PayDragon Launches Mobile Ordering and Payment System for Food Vendors

PayDragon, a new app for Android and iPhone and companion web-based backend for managing mobile payments and food ordering, is today announcing its public launch in the Los Angeles area where the company is based. The app, which comes from the team behind early QR code pioneer Paperlinks, debuted in a limited trial at SXSW in Austin earlier this year, and PayDragon CEO and founder Hamilton Chan thinks that based on that experience, he’ll have a hit on his hands.

“The merchants and the consumers were really happy [during the SXSW trial],” Chan said. “The number one feedback I got from consumers was that it’s simple, and the number one feedback I got from merchants was also that it’s simple. We felt like it really rung true for merchants and for consumers.”

PayDragon does away with customization options, lengthy menus, and an overdose of branding from individual restaurant partners. Instead, users are presented with an attractive, clean user interface that puts the focus on food, allowing customers to order quickly and pay for items from their favorite lunch spot or food truck in advance, and be notified via push when it’s ready to pick up. Users also can view their receipts in-app, and are also emailed a copy for records or expense claims. But the key aspect is that menus are distilled to put the focus on a restaurant’s most popular items, with minimum fuss and complication.

“We weren’t sure of whether merchants would be cool with the idea of having a simplified menu,” said Chan, talking about the decision to not offer customization options that would allow user to, for example, add or hold cheese, and also to limit the items available to a specific few. “But a lot of times merchants find that when customers get up to the window and ask them ‘What are the popular things, what should I get?’ and this way they can really tell customers easily what the bestsellers are.”

Chan’s simplicity mantra doesn’t just apply to the customer-facing aspects of the app. Merchants get a straightforward web dashboard with a mininum of required interaction to handle orders; basically, orders come up, vendors tick a box when they’re ready, and customers get a push notification on their device. Even payment on the merchant side is simple, since people using the system only pay a percentage fee on transactions made, and that’s it. Chan said making sure there weren’t any add-on or monthly recurring fees was an important aspect of what he wants to offer with PayDragon.

While he couldn’t reveal the specific percentage PayDragon collects on transactions, Chan did say it was “very small.” Indeed, it would have to be to compete with what similar products from Square and PayPal are offering, which charge 2.75 and 2.7 percent per transaction respectively. Chan thinks that what PayDragon is offering is essentially different from Square and PayPal’s mobile payment solutions, as well as from even more similar in-store shopping systems like the one put out by AisleBuyer, now an Intuit subsidiary.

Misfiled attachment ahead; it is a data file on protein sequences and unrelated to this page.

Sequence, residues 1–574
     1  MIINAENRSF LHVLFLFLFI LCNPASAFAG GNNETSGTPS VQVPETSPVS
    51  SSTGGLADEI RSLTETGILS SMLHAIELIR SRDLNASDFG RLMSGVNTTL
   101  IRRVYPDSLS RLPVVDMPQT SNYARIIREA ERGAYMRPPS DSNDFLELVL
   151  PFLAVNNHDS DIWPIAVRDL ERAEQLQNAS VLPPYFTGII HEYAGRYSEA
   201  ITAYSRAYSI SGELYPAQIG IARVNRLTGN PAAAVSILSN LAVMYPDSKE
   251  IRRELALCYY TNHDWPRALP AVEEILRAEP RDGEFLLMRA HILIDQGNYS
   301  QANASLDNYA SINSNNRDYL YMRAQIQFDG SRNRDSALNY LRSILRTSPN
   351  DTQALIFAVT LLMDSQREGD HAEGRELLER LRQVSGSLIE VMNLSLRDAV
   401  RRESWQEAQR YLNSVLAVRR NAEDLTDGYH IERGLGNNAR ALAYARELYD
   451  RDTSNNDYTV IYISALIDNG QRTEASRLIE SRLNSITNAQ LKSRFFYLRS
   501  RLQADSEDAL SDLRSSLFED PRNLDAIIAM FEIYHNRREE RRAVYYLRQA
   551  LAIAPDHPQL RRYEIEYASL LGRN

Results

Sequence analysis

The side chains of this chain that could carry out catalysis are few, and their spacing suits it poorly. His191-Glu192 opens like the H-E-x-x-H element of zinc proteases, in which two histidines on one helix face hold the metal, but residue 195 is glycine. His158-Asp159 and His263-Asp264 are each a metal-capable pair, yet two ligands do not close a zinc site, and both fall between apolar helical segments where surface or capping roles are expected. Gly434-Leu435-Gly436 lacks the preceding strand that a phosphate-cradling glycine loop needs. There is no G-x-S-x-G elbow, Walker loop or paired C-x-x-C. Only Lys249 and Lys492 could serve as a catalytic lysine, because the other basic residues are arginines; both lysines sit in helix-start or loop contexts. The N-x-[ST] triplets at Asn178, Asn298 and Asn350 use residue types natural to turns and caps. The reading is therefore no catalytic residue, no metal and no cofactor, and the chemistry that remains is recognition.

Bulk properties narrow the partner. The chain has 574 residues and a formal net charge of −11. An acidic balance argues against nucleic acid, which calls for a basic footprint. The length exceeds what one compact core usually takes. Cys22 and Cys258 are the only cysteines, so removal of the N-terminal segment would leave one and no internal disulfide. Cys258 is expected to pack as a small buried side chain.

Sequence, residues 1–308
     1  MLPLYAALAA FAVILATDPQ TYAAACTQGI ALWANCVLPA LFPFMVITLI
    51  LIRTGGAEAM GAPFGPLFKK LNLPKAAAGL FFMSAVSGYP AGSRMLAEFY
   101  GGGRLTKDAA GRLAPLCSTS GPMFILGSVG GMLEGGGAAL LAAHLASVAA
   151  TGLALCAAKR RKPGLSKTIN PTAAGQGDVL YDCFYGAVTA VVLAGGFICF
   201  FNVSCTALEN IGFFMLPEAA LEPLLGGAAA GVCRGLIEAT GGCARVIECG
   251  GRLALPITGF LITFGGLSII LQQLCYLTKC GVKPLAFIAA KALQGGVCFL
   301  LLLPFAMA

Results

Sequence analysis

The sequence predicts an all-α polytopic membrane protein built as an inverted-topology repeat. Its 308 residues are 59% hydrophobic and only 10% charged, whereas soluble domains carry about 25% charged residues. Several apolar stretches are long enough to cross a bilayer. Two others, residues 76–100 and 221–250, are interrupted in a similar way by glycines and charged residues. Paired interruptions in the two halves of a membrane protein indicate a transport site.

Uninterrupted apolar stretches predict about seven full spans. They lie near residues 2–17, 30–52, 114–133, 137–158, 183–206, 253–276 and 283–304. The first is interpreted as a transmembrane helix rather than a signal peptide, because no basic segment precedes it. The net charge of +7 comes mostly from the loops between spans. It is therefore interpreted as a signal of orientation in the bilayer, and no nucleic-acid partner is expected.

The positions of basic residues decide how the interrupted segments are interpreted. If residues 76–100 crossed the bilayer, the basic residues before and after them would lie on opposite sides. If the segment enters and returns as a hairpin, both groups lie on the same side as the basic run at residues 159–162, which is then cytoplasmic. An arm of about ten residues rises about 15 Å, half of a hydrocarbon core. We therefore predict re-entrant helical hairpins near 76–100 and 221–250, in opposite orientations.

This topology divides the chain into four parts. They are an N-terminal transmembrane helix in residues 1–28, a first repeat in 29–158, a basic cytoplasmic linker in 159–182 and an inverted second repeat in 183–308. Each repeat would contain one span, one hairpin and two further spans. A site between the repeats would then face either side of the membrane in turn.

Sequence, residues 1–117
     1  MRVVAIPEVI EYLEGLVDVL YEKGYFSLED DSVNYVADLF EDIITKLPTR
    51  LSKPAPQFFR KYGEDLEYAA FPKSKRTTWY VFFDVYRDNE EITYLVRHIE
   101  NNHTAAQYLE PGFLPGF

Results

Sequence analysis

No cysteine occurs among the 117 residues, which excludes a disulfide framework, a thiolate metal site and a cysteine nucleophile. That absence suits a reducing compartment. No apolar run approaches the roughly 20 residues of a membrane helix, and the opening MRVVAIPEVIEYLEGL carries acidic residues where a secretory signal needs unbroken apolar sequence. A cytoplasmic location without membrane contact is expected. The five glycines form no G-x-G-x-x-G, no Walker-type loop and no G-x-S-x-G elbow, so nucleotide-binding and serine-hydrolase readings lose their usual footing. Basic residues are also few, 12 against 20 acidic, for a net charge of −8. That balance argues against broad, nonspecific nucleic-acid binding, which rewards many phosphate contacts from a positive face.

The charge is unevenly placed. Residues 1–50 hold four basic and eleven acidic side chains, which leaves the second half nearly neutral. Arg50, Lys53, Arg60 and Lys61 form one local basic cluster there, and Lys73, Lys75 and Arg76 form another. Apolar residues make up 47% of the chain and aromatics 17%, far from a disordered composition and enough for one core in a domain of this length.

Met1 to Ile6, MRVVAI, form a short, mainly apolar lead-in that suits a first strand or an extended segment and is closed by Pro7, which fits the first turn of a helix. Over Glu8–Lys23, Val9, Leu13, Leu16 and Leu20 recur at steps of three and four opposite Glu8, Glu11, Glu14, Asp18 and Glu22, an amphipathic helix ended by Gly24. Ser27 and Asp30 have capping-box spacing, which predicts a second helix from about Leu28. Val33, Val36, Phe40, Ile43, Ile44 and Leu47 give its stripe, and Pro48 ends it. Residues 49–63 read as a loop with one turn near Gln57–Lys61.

Chan said that PayDragon’s simplicity is again its defining feature when discussing the competition. “We feel like that’s the way to do mobile shopping; just a single thumb tap and away you go,” he told BetaKit. Chan hopes to expand to other areas outside of the food industry in the future. It also can work with QR code print materials for simple shopping via paper menus, which makes it a potential competitor for companies like SecondMenu, too.

The approach taken by PayDragon is a calculated risk; trade-offs in terms of customization and branding opportunities result in a slick, efficient ordering process on a platform that requires almost no installation or setup. For food trucks, the appeal is clear and the use case makes sense. As PayDragon attempts to expand to other areas, the lack of customization might become more of a liability, but Chan and his team are clearly hoping the benefits in terms of a frictionless shopping experience, and how that could increase conversion, will ultimately outweigh those downsides.

PayDragon hopes to expand geographically outside of the L.A. area soon, and urban centers with busy, smartphone-toting professionals who want lunch to go as quickly and painlessly as possible are the next logical step. Chan says the app could also add options like providing an ETA to customers based on order volume when they make their purchase, and the app already includes gamification elements via points that can redeemed for merchant coupons, Facebook integration and a deals tab to highlight area special offers, so while it’s simple, it’s also not without features. Time will tell whether PayDragon hits the sweet spot in terms of trading complexity for convenience.

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